mutate_at(c("bdayA", "bdayB"), as.character) %>%
kable("html") %>%
kable_styling(bootstrap_options = "striped", position = "left",
font_size = 13, full_width = F)
spouseA bdayA countryA spouseB bdayB countryB
/wiki/David_Furnish 1962-10-25 Canada /wiki/Elton_John 1947-03-25 UK

So only unique couples now. But we have another subtle point here. Sometimes Wikipedia would redirect spouseB to the original spouseA (see example here). This results in incorrect couples where spouseA and spouseB are the same person, and we need to remove these:

couples_unique <- couples_unique %>% filter(spouseA != spouseB)

dim(couples_unique)
## [1] 5093    9

Overall just over 5K couples.

How many unique people are participating in at least one couple here?

unique_people <- rbind(
couples_unique %>% select(spouseA, bdayA, countryA, occupationA) %>%
set_names(c("spouse", "bday", "country", "occupation")),
couples_unique %>% select(spouseB, bdayB, countryB, occupationB) %>%
set_names(c("spouse", "bday", "country", "occupation"))
) %>% distinct(spouse, .keep_all = TRUE)

dim(unique_people)
## [1] 9524    4

That’s ~9.5K unique people. What’s wrong with that?

Later I speak a lot of what’s wrong with this experiment, and one of the things is the dependencies between couples. Take Donald Trump:

couples_unique %>%
filter(spouseA == "/wiki/Donald_Trump" | spouseB == "/wiki/Donald_Trump") %>%
select(-coupleID, -occupationA, -occupationB) %>%
mutate_at(c("bdayA", "bdayB"), as.character) %>%
kable("html") %>%
kable_styling(bootstrap_options = "striped", position = "left",
font_size = 13, full_width = F)
spouseA bdayA countryA spouseB bdayB countryB
/wiki/Marla_Maples 1963-10-27 USA /wiki/Donald_Trump 1946-06-14 USA
/wiki/Donald_Trump 1946-06-14 USA /wiki/Ivana_Trump 1949-02-20 Czechoslovakia
/wiki/Donald_Trump 1946-06-14 USA /wiki/Melania_Trump 1970-04-26 USA

Donald Trump appears in 3 different couples, so if we’d want to avoid that, we could for example choose for each person only her first or last spouse, this way a person belongs only to a single couple.

couples_unique_1to1 <- couples_unnested %>%
group_by(spouseA) %>%
top_n(1, spouseB) %>%
ungroup()

couples_unique_1to1 <- couples_unique_1to1 %>%
set_names(c("spouseA", "bdayA", "countryA", "occupationA", "spouseB")) %>%
inner_join(couples_unique_1to1 %>%
set_names(c("spouseB", "bdayB", "countryB", "occupationB", "spouseA")),
by = c("spouseA", "spouseB")) %>%
mutate(coupleID = map2_chr(spouseA, spouseB, coupleID)) %>%
distinct(coupleID, .keep_all = TRUE) %>%
filter(spouseA != spouseB)

couples_unique_1to1 %>%
filter(spouseA == "/wiki/Donald_Trump" | spouseB == "/wiki/Donald_Trump") %>%
select(-coupleID, -occupationA, -occupationB) %>%
mutate_at(c("bdayA", "bdayB"), as.character) %>%
kable("html") %>%
kable_styling(bootstrap_options = "striped", position = "left",
font_size = 13, full_width = F)
spouseA bdayA countryA spouseB bdayB countryB
/wiki/Donald_Trump 1946-06-14 USA /wiki/Melania_Trump 1970-04-26 USA
dim(couples_unique_1to1)
## [1] 4185    9

If we only take a single couple for each person, meaning couples are now independent, we get to 4.2K couples.

# Some Exploratory Analysis Would Be Nice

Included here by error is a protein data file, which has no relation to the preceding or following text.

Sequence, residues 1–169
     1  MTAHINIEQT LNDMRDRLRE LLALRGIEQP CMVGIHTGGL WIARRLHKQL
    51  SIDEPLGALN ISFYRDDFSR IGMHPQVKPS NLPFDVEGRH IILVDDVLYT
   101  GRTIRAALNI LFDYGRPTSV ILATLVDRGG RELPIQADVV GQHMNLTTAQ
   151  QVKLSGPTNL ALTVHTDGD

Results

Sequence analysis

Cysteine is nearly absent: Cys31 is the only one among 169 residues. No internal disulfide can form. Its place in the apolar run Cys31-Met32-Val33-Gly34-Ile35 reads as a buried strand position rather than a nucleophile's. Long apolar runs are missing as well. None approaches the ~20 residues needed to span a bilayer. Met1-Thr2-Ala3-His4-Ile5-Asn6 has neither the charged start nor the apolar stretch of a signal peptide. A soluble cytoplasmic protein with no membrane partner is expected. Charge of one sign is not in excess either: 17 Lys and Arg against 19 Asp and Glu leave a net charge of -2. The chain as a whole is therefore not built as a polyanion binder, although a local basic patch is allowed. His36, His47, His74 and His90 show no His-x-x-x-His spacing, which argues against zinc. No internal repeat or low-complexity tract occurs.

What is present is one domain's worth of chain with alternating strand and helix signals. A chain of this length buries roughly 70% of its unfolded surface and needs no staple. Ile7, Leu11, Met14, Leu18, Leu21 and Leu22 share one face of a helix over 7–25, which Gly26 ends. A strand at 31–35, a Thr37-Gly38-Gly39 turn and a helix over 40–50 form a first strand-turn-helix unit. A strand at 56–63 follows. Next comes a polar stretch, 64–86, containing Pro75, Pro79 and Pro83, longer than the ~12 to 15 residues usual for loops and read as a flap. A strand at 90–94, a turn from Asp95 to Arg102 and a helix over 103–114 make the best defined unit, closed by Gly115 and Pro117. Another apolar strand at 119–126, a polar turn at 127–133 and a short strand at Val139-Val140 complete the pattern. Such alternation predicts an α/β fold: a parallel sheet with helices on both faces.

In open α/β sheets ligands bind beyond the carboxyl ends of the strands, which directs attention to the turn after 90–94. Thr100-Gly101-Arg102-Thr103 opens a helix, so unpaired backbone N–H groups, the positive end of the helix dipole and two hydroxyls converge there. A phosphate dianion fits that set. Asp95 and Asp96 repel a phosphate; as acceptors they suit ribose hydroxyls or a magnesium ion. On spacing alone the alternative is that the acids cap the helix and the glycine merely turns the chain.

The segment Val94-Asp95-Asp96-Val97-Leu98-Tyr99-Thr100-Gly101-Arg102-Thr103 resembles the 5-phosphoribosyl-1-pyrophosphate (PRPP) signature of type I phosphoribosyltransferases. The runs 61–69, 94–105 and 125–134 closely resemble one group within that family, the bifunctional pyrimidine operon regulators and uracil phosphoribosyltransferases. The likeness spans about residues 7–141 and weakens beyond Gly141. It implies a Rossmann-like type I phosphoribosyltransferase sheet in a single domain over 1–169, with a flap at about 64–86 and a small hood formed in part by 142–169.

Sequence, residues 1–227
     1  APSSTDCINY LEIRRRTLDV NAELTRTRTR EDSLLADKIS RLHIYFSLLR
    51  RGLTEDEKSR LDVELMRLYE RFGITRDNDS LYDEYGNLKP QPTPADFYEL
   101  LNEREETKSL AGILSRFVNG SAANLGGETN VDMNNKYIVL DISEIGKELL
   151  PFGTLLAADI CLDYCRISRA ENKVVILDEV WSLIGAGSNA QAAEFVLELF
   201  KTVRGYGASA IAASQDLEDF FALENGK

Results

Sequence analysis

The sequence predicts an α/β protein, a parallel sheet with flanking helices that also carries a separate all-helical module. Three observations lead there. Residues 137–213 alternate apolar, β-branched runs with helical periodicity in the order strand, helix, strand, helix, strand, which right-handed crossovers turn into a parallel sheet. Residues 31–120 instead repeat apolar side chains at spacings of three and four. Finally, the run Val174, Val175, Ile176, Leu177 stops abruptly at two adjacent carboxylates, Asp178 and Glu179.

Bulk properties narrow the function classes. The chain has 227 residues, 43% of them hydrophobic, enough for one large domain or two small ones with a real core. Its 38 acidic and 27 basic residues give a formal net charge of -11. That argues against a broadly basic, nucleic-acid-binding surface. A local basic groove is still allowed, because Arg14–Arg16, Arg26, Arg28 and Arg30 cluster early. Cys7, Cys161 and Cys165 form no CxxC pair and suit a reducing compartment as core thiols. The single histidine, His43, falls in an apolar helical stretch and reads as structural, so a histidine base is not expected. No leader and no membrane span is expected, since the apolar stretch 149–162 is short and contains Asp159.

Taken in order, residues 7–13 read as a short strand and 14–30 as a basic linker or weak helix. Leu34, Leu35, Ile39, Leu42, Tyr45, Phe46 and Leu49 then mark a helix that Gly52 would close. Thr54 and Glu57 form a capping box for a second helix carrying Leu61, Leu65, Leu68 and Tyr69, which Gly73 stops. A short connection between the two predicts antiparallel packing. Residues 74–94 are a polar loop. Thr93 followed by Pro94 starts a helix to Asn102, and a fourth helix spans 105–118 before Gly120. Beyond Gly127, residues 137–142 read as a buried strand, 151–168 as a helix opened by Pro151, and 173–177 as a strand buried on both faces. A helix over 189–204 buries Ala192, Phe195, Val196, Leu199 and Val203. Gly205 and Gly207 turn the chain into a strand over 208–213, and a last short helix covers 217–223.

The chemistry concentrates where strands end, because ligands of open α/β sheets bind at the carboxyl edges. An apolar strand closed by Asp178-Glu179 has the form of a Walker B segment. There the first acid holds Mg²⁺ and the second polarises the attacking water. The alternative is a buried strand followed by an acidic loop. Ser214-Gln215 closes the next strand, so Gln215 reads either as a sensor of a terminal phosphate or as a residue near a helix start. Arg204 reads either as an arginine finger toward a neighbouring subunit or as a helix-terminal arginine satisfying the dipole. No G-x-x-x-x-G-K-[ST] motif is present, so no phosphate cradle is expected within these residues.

So we have 9.5K celebrity individuals in a table which looks like this:

unique_people %>%
mutate(bday = as.character(bday)) %>%
kable("html") %>%
kable_styling(bootstrap_options = "striped", position = "left",
font_size = 13, full_width = F)
spouse bday country occupation
/wiki/Jennifer_Aaker 1967-01-15 USA Author, Social psychologist
/wiki/Ben_Aaron 1981-09-10 USA NULL
/wiki/Aarthi_(actress) 1983-11-09 India Actress
/wiki/Maryam_Abacha 1945-03-04 Niger Former Nigeria First Lady
/wiki/Ang%C3%A9lique_Abachkina 2000-01-26 Russia NULL
/wiki/Juan_Manuel_Abal_Medina 1945-03-01 Mexico Lawyer
/wiki/Almeda_Abazi 1992-02-13 Albania NULL
/wiki/Farhat_Abbas 1976-06-22 Indonesia Lawyer
/wiki/Bruce_Abbott 1954-07-28 USA Actor
/wiki/Diahnne_Abbott 1945-01-01 USA Actress, singer

Are they “distributed” uniformly across signs?

Let’s give them a sign, by joining their birth date into a Zodiac table. Notice the use of the wonderful padr package:

zodiac <- tibble(
sign = c("Capricorn", "Aquarius", "Pisces",
"Aries", "Taurus", "Gemini",
"Cancer", "Leo", "Virgo",
"Libra", "Scorpio", "Sagittarius",
"Capricorn", "Capricorn"),
startDate = c("01-01", "01-21", "02-20",
"03-21", "04-21", "05-22",
"06-22", "07-23", "08-23",
"09-24", "10-24", "11-23",
"12-22", "12-31")) %>%
mutate(startDate = as_date(str_c("2000-", startDate))) %>%
tidyr::fill(sign)

dateTo2000 <- function(date) {
year(date) <- 2000
as.character(date)
}

unique_people <- unique_people %>%
mutate(bday2000 = as_date(map_chr(bday, dateTo2000))) %>%
inner_join(zodiac, by = c("bday2000" = "startDate"))

unique_people %>%
select(-bday2000) %>%
mutate(bday = as.character(bday)) %>%
kable("html") %>%
kable_styling(bootstrap_options = "striped", position = "left",
font_size = 13, full_width = F)
spouse bday country occupation sign
/wiki/Jennifer_Aaker 1967-01-15 USA Author, Social psychologist Capricorn
/wiki/Ben_Aaron 1981-09-10 USA NULL Virgo
/wiki/Aarthi_(actress) 1983-11-09 India Actress Scorpio
/wiki/Maryam_Abacha 1945-03-04 Niger Former Nigeria First Lady Pisces
/wiki/Ang%C3%A9lique_Abachkina 2000-01-26 Russia NULL Aquarius
/wiki/Juan_Manuel_Abal_Medina 1945-03-01 Mexico Lawyer Pisces
/wiki/Almeda_Abazi 1992-02-13 Albania NULL Aquarius